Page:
The Open Beaches Act was passed in response to the Texas Supreme Court's decision in Luttes v. State, 159 Tex. 500, 324 S.W.2d 167 (1958), to protect the public's rights of access to and use of public beaches. See TEX. NAT. RES.CODE ANN. § 61.011(a) (stating policy of Act). In Luttes, the supreme court held that the common-law boundary line between State-owned submerged lands and privately owned property on the beach is the "mean higher high tide line" under Spanish or Mexican law grants, and the "mean high tide" under Anglo-American law. Luttes, 324 S.W.2d at 191-93; Feinman, 717 S.W.2d at 110. Luttes confirmed State ownership of the "wet beach"—the area between the mean low and mean high tide lines. See Luttes, 324 S.W.2d at 191-93; see also Feinman, 717 S.W.2d at 110. "The division between public and private ownership under the common law, which governs Texas grants after 1840, is the mean high tide line." Feinman, 717 S.W.2d at 110 (citing Luttes, 324 S.W.2d at 191-93). The "dry beach," or the area from either the mean higher high tide line or the mean high tide line to the line of vegetation, belongs to the private property owners. See Luttes, 324 S.W.2d at 191-93. However, prior to Luttes, it was thought that the State owned both the wet and dry beaches. Neal Pirkle, Maintaining Public Access to Texas Coastal Beaches the Past and the Future, 46 BAYLOR L. REV. 1093, 1093-94 (1994). The circumstances under which the Open Beaches Act was enacted show that it was passed to protect the public's rights of access to and use of public beaches when title to the land belongs to private owners.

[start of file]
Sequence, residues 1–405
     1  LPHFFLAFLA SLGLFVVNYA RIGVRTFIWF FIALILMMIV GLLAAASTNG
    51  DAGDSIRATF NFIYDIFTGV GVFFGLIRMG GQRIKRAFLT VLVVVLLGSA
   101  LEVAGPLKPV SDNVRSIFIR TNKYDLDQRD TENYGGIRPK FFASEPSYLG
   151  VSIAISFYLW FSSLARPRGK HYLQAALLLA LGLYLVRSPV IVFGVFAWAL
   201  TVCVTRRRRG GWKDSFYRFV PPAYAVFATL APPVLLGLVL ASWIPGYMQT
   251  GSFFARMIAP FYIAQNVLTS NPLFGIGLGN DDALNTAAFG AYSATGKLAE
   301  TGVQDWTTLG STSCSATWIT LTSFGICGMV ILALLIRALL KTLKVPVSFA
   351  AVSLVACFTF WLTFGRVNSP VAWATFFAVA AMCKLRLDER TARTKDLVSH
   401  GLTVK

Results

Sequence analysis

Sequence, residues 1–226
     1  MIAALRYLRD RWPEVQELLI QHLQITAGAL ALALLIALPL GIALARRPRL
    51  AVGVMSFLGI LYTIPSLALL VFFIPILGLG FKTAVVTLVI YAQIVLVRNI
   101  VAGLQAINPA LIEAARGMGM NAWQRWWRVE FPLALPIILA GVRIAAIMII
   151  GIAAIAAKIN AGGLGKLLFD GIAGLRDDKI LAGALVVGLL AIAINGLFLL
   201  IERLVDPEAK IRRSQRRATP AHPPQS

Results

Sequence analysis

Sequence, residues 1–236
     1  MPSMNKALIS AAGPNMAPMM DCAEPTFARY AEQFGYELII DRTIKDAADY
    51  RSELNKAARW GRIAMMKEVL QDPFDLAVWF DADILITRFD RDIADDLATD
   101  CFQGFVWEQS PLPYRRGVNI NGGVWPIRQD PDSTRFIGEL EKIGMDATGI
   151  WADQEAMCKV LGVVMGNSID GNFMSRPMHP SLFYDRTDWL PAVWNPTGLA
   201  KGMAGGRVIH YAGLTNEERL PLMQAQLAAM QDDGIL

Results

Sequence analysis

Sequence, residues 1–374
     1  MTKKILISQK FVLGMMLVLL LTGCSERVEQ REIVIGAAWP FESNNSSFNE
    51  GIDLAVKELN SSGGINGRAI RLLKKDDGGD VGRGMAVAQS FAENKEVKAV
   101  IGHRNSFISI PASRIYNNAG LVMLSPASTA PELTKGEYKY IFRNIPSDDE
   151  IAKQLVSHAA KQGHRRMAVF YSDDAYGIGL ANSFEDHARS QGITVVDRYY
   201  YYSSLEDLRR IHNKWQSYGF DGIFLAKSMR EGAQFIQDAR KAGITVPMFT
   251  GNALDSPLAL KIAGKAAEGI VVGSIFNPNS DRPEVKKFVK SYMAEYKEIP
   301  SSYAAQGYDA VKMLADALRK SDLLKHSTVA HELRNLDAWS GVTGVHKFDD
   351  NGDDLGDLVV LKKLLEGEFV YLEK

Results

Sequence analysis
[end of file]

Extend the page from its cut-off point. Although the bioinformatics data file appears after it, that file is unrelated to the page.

c. The Legislative History
We note again that the Open Beaches Act was passed in response to the Texas Supreme Court's decision in Luttes, to protect the public's rights of access to and use of public beaches. See TEX. NAT. RES.CODE ANN. § 61.011(a) (stating policy of the Act).
d. Common-law or Former Statutory Provisions
As we explain in more detail below, the application of the common law pertaining to easements results in the conclusion that the houses here must be removed from the easement.
e. Consequences of a Particular Construction
The Owners' interpretation of the Act would defeat the purpose expressed in the plain language of the Act and, as noted below, in the caption. If the State could not protect the right of the public when an easement rolled to existing structures, the public would soon lose the right to access the beach because forces of nature continually change the shoreline. See Feinman, 717 S.W.2d at 111 (noting that if boundaries and easement did not "roll" with changes to shoreline, it "would greatly diminish the public's easement" and "defeat the purposes of the Act").
f. Administrative Construction of the Act
The General Land Office has adopted a rule "to provide authority for local governments to issue permits or certificates for repairs to certain houses if any portion of the house is located seaward of the boundary of the public beach." 31 TEX. ADMIN. CODE § 15.11(a) (2006) (Gen. Land Office, Coastal Area Planning). A house is eligible for such a permit if, among other requirements, "[t]he line of vegetation establishing the boundary of the public beach has moved as a result of erosion or a meteorological event," and "[t]he house was located landward of the natural line of vegetation before the erosion or meteorological event occurred." Id. § 15.11(c)(1), (2). The rule does not expressly state existing improvements are subject to removal. However, this follows from the language of the rule. To be eligible for repairs, the house must have been landward of the vegetation line until a meteorological event moved the vegetation line. Id. If rolling of the vegetation line and the easement's boundary does not apply to existing homes, the General Land Office would have no reason to adopt such a rule.